Urban, C. F. & Nett, J. E. (2019). Neutrophil extracellular traps in fungal infection. Seminars in Cell and Developmental Biology, 89, 47-57
Open this publication in new window or tab >>Neutrophil extracellular traps in fungal infection
2019 (English)In: Seminars in Cell and Developmental Biology, ISSN 1084-9521, E-ISSN 1096-3634, Vol. 89, p. 47-57Article in journal (Refereed) Published
Abstract [en]

Fungal infections are a continuously increasing problem in modern health care. Understanding the complex biology of the emerging pathogens and unraveling the mechanisms of host defense may form the basis for the development of more efficient diagnostic and therapeutic tools. Neutrophils play a pivotal role in the defense against fungal pathogens. These phagocytic hunters migrate towards invading fungal microorganisms and eradicate them by phagocytosis, oxidative burst and release of neutrophil extracellular traps (NETs). In the last decade, the process of NET formation has received unparalleled attention, with numerous studies revealing the relevance of this neutrophil function for control of various mycoses. Here, we describe NET formation and summarize its role as part of the innate immune defense against fungal pathogens. We highlight factors influencing the formation of these structures and molecular mechanisms employed by fungi to impair the formation of NETs or subvert their antifungal effects.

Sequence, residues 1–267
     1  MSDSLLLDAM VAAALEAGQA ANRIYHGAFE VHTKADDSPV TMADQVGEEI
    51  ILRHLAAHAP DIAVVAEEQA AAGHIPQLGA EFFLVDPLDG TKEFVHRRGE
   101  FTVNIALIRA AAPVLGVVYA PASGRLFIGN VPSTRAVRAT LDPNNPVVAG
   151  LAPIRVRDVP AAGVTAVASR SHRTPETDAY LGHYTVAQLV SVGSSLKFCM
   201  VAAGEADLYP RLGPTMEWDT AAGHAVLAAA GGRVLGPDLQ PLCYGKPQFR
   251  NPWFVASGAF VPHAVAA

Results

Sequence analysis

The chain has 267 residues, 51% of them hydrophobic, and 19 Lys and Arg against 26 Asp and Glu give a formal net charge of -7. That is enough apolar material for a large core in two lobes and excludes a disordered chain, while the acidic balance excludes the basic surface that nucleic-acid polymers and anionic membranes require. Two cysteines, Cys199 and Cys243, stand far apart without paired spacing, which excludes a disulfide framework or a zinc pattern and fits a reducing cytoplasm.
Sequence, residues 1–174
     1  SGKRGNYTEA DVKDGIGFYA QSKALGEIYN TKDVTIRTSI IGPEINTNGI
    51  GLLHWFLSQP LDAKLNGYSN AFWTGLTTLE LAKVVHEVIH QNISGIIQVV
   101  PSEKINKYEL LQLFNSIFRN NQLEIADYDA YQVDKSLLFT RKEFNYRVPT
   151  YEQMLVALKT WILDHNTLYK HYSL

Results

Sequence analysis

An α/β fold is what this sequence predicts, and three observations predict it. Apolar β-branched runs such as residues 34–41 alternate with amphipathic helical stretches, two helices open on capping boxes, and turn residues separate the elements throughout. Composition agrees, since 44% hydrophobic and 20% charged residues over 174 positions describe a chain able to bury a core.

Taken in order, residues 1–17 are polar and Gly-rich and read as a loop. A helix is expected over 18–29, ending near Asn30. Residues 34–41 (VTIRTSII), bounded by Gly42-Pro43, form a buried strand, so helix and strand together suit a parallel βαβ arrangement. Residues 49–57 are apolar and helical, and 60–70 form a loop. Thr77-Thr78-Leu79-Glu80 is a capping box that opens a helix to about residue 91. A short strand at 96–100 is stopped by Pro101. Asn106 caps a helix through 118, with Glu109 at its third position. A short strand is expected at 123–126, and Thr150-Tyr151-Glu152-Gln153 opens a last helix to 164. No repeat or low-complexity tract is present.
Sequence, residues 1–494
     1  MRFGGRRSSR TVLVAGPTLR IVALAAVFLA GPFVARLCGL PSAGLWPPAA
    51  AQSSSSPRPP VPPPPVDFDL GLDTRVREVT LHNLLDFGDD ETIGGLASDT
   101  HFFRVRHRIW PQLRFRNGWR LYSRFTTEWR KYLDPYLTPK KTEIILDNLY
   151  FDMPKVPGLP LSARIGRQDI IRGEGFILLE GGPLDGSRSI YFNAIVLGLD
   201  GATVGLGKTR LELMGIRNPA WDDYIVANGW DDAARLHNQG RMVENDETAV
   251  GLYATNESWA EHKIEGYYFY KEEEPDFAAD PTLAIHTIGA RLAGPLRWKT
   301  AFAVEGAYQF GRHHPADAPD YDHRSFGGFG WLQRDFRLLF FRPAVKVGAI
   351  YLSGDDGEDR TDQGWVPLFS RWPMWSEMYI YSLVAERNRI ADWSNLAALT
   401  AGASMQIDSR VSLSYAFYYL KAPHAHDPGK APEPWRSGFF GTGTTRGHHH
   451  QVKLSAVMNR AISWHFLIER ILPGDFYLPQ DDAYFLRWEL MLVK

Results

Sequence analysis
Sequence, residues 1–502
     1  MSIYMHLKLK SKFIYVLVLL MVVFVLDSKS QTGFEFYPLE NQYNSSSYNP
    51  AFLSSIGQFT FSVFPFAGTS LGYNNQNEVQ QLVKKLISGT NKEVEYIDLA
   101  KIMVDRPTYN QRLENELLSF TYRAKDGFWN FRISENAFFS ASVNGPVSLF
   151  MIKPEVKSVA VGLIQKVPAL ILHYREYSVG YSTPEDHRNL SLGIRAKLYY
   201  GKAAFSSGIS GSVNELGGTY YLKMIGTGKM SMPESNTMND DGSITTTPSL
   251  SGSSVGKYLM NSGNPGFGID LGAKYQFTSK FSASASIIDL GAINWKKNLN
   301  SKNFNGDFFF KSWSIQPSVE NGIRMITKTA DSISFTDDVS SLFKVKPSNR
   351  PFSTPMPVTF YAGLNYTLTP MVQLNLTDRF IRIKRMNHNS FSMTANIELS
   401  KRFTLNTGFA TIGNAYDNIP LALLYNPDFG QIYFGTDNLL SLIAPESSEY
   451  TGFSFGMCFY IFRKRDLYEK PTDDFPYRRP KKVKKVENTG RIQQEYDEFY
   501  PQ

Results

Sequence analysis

Place, publisher, year, edition, pages
Elsevier, 2019
Keywords
Aspergillus, Candida, Immunology, Neutrophil, Neutrophil extracellular trap (NET)
National Category
Microbiology in the medical area
Research subject
Infectious Diseases; Immunology
Identifiers
urn:nbn:se:umu:diva-156197 (URN)10.1016/j.semcdb.2018.03.020 (DOI)000463473400006 ()29601861 (PubMedID)
Funder
Swedish Research Council, VR-MH 2014-02281The Kempe Foundations, SMK1453NIH (National Institute of Health), K08 AI108727
Available from: 2019-02-07 Created: 2019-02-07 Last updated: 2019-04-26Bibliographically approved
Hosseinzadeh, A., Stylianou, M., Lopes, J. P., Müller, D. C., Häggman, A., Holmberg, S., . . . Urban, C. F. (2019). Stable Redox-Cycling Nitroxide Tempol has Antifungal and Immune-modulatory Properties. Frontiers in Microbiology, 10, Article ID 1843.
Open this publication in new window or tab >>Stable Redox-Cycling Nitroxide Tempol has Antifungal and Immune-modulatory Properties
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2019 (English)In: Frontiers in Microbiology, ISSN 1664-302X, E-ISSN 1664-302X, Vol. 10, article id 1843Article in journal (Refereed) Published
Abstract [en]